SALT LAKE CITY – If you knew a car for sale was dangerous to drive, you probably wouldn't buy it. Yet vehicle reporting firm Carfax estimated 1 in 5 cars in Utah right now has at least one unfixed safety recall – and many of those cars are on used car lots.
But people selling those cars don't have to warn you about an open recall – even if it's life-threatening.
"Utah has 559,000 vehicles on the road with an open recall," Emilie Voss of Carfax told KSL.
U.S. automakers recalled millions of cars last year for issues ranging from seat belts not latching and fire risks to faulty suspensions and dangerous airbags. Voss said if any of those recalled cars happen to be on a used-car lot right now, shoppers likely have no idea they need to be fixed.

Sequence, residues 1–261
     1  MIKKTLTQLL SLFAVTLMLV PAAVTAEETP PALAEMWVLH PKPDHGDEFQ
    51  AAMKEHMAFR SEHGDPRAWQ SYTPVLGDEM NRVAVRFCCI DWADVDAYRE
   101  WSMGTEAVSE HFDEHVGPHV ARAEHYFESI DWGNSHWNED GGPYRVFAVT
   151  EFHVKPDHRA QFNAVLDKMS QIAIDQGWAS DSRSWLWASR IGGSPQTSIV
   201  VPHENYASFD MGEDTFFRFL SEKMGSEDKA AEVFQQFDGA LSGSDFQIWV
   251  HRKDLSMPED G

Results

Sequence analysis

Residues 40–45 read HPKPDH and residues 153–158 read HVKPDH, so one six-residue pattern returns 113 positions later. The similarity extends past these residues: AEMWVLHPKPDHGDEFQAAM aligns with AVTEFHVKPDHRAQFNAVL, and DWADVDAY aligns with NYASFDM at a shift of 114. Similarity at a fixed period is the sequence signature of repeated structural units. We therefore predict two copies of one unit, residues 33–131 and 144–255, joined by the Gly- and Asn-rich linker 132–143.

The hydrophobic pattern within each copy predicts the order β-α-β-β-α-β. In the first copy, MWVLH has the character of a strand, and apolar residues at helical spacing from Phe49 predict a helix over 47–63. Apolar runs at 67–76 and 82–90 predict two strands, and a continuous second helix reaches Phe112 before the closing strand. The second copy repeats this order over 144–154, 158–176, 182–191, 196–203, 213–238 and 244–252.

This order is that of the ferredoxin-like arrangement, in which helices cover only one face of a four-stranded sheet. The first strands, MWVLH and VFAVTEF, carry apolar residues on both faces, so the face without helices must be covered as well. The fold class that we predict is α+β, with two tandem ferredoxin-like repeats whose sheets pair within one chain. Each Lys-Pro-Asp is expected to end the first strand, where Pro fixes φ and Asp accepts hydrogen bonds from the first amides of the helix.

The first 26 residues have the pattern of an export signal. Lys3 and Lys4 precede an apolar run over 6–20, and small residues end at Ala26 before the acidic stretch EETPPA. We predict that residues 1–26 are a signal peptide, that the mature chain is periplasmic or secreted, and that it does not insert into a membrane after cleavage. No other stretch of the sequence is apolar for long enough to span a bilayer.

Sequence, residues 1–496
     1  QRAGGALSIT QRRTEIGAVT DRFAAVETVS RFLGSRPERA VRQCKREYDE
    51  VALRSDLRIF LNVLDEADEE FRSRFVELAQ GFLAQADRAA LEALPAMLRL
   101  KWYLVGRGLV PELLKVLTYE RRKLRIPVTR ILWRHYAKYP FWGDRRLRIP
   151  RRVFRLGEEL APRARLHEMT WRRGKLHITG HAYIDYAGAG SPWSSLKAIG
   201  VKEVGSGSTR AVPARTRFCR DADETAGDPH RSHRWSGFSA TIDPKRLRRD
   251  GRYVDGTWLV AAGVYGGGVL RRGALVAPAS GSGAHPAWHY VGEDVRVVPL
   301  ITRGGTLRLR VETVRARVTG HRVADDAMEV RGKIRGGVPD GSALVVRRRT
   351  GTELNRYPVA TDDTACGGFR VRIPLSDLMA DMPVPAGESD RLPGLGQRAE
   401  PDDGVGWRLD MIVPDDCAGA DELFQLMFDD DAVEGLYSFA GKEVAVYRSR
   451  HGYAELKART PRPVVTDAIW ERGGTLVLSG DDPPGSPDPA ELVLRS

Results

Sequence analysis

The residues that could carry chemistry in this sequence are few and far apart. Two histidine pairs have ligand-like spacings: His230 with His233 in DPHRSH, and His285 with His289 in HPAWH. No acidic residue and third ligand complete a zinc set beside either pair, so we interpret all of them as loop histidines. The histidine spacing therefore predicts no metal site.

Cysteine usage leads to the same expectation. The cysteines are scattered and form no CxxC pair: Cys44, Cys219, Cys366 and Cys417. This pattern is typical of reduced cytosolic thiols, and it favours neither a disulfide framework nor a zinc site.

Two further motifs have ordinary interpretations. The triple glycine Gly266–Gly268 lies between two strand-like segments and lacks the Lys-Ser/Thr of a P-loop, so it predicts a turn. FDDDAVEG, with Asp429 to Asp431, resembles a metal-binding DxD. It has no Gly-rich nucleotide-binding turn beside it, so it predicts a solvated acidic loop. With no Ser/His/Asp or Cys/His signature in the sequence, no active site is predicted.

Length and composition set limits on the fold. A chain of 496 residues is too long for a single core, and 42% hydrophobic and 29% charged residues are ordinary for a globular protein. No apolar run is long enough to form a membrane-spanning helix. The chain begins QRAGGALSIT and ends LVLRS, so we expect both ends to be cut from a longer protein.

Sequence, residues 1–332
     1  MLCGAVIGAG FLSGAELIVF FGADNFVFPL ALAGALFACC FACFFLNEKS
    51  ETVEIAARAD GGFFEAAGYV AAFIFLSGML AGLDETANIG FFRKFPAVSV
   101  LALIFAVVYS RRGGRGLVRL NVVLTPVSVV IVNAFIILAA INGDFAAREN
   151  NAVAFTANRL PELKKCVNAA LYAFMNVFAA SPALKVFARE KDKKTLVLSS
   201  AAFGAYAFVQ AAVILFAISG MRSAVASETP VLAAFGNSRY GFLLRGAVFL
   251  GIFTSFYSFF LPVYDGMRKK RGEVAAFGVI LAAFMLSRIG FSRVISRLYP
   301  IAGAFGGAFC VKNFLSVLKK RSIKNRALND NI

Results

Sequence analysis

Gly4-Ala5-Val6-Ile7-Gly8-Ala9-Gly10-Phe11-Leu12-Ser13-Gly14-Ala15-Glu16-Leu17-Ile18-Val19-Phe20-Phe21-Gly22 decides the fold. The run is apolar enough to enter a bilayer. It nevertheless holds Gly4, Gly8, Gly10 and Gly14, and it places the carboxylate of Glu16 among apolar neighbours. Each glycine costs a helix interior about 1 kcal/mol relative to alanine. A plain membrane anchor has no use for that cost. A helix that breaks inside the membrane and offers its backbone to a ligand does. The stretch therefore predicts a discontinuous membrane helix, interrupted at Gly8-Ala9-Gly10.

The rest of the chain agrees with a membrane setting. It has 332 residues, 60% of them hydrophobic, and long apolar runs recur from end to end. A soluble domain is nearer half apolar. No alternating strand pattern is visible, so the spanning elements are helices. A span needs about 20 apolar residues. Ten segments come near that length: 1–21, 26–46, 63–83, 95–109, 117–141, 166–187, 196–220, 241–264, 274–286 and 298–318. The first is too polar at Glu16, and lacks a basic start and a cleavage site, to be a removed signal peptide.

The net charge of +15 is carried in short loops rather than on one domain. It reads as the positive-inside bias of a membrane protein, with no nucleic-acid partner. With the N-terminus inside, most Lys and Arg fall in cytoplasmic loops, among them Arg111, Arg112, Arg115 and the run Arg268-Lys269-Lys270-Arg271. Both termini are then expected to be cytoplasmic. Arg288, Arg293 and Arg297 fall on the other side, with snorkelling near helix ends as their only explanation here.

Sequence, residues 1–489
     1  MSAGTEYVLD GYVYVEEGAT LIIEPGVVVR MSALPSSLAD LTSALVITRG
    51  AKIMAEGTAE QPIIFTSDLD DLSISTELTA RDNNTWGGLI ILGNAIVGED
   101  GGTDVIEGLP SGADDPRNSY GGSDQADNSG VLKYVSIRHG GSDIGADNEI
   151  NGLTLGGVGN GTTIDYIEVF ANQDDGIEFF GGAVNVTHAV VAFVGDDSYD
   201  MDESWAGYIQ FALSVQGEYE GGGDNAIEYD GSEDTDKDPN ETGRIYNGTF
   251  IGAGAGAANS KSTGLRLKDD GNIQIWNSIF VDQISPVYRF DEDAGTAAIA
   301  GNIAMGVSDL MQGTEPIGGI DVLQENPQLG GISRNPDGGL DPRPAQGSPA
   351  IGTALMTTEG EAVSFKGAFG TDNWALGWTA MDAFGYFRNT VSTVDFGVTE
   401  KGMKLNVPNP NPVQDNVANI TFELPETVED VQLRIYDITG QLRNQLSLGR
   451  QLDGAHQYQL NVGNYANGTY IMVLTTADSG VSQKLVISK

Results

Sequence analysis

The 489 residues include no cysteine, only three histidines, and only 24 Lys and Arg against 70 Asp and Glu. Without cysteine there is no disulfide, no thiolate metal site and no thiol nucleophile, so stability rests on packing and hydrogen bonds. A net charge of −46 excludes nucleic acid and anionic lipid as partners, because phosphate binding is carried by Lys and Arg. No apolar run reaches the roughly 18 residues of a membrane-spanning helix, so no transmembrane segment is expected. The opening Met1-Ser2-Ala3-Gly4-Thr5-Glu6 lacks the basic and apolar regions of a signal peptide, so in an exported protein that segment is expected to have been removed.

They are on their own.
"There is actually federal law that prohibits a new car being sold with an open recall, but that is not the case with a used car," she explained.
That's right — there is no requirement that a car dealer or an individual seller fix the recalls before unloading a used car onto someone else. They don't even have to disclose it.
So, how do you know if the car you've got your eye on has a recall on it?
"Grab the VIN number and you can check it for free – just like any car owner can check recalls for free," said Voss.
Grab the VIN number and you can check it for free – just like any car owner can check recalls for free.
–Emilie Voss, Carfax
Not all dealers will sell used cars with unfixed recalls, so Voss said you should ask if they do take care of recalls. Even if they do fix recalls, she recommends always checking a used car for open recalls before buying it. Getting a recalled issue fixed should be free, as the car's manufacturer should pick up the tab.